Even though it’s located on the outskirts of Kaunas at Sargenai, and quite a long bus ride to get there, it wasn’t as difficult to find as I thought it was going to be.

Before the outbreak of the First World War, Lithuania was part of the Russian Empire, and as relations deteriorated with Germany, it was decided to build Kaunas Fortress to protect its western border.

The Ninth Fort was part of this huge complex that surrounded the city covering an area of 25 square miles.

To learn more about the history of the fort there’s a museum housed in a soviet concrete monstrosity, which if they leave it as it is, could become part of the fort’s history itself in years to come.

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Christmastime in Vienna

Christmastime in Vienna

Is there a better build-up to Christmas than visiting a European Christmas Market? If so, I’d like to know what it is. Maybe it’s all that Glühwein and Orange Punch that I can’t pass by that helps, but even as a devout atheist I can’t help but respect the Austrians for adhering to the meaning of Christmas more than I do.

I absolutely love Austria at Christmastime, especially in places like the Tyrol, but if you like to add some culture to your bratwurst and beer, then Vienna is hard to beat.

When we were here the week before Christmas in 2016, it even snowed to give it the magical icing on the Christmas cake.

There’s no point in waffling on about what market is where, I’ll just let the pictures do the talking. As for the culture, I’ll be dealing with all that later – hopefully.

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Potsdamer Platz

Potsdamer Platz

At a point where five roads converged at the old Potsdam Gate, Potsdamer Platz became the busiest and most recognized intersection in Germany – if not Europe. It became so busy that Europe’s first recognised traffic lights were installed in 1924 to help keep things moving.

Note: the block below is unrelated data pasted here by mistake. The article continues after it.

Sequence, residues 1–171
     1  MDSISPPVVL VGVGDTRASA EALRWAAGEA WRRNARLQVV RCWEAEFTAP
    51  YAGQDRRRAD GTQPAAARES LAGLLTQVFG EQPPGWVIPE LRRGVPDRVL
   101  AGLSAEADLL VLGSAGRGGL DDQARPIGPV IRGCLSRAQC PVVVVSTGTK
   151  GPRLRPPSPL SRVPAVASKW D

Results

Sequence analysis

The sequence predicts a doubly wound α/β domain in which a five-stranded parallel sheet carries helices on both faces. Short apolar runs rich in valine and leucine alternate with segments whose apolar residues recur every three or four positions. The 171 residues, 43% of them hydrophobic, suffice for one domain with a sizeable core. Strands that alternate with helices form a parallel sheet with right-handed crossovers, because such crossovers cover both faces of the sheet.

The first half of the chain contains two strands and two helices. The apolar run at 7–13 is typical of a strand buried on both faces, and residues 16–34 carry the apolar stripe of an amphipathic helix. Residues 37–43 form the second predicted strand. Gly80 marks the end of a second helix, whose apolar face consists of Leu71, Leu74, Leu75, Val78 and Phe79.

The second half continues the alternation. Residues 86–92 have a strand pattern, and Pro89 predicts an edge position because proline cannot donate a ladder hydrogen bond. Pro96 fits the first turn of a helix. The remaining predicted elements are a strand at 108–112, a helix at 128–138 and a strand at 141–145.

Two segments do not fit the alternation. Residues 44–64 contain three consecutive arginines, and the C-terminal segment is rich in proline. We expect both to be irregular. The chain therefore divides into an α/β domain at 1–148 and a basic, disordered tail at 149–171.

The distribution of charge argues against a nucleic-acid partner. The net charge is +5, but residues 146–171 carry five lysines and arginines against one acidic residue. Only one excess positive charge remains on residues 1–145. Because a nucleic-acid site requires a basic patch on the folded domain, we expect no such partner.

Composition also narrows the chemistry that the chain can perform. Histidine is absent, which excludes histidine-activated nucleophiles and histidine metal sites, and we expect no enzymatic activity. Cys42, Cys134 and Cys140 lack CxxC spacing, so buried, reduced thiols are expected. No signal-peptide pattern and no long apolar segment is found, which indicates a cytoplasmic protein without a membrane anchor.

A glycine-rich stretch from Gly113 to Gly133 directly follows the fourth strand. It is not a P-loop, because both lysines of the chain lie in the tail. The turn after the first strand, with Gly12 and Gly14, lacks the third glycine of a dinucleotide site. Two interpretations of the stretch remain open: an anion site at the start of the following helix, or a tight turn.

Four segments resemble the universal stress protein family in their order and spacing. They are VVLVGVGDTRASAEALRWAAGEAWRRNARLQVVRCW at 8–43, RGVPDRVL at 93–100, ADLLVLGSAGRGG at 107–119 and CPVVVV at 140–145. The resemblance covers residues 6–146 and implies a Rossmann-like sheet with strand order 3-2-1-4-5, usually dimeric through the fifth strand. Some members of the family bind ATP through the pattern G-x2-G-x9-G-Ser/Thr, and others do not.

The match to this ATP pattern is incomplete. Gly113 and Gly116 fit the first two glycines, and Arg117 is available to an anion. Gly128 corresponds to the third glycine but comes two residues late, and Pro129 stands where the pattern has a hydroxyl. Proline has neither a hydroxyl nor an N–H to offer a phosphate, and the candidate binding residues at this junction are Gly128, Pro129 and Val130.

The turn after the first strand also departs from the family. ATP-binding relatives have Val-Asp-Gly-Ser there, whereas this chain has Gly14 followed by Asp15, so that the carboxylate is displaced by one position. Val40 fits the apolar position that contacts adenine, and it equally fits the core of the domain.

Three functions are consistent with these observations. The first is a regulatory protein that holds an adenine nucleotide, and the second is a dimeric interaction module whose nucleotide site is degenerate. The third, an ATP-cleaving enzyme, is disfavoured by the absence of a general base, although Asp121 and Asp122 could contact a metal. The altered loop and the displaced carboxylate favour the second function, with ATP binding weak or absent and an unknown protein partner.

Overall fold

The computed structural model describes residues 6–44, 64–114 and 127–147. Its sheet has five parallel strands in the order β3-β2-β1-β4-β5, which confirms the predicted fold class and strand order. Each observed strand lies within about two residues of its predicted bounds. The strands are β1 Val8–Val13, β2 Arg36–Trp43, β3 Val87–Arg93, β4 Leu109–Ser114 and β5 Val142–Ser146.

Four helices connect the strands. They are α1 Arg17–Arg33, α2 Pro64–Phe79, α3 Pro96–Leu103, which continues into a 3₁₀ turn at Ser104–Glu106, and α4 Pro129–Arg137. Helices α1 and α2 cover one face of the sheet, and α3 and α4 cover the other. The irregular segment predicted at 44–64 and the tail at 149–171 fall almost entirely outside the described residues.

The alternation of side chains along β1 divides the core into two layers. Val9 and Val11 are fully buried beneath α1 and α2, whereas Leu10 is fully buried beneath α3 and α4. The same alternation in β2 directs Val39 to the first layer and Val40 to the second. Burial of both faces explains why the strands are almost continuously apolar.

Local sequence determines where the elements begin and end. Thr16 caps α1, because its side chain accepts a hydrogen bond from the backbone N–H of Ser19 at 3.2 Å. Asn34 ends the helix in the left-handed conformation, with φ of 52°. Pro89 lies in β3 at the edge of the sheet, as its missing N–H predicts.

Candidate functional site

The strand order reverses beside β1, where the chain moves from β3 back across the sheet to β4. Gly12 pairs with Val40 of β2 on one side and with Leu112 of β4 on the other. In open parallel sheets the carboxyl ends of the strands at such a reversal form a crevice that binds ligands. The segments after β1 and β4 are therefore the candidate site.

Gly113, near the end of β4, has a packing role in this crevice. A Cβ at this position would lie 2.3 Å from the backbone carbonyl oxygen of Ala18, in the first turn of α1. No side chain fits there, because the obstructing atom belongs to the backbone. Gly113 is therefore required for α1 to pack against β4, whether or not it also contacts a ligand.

Its heyday was during the Roaring Twenties, when film stars such as Marlene Dietrich helped catapult Berlin onto the world stage of show business. It was the place to be and be seen. Grand hotels were built to accommodate the rich and famous, as did luxury stores, bars, and restaurants. The inter-war years had been good to Berlin, but it wasn’t to last.

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Alexanderplatz

Friendship Among Nations Fountain

Alexanderplatz

Alexanderplatz, or Alex, as it’s known to Berliners is a windswept pedestrianised plaza doubling up as a meeting point and transport hub in what used to be East Berlin.

It was the downtown centre for the locals when it was behind the Iron Curtain, and now one of the main focal points for the united Berlin of today – and no visit to the city would be complete without visiting Alex.

The square was the communist authority’s idea of a modern cityscape, and although it’s had its fair share of critics over the years, it wouldn’t surprise me if there wasn’t a fair number of people who wouldn’t want to see it change too much either.

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The Grote Markt

The Grote Markt

If someone was to ask me what Belgium is famous for, I would have to include Moules et Frites, beer, and maybe chocolate, but I would also have to add town squares to the list. It may sound a bit odd to lump a town square with food and drink, but they go together like Laurel and Hardy or Starsky and Hutch. In fact, I can’t think of anything better than to sit in a Grand Square with a plate of Moules et Frites and a Belgian beer.

The Grand Place in Brussels is probably the best-known square, but Antwerp has a pretty good one too, but as we’re in Flanders we’d better call it the Grote Markt.

The square is triangular in shape, if that makes any sense, and is dominated by its wonderful 16thc City Hall. In front of it is the Brabo Fountain, a famous Antwerp symbol, which requires further explanation.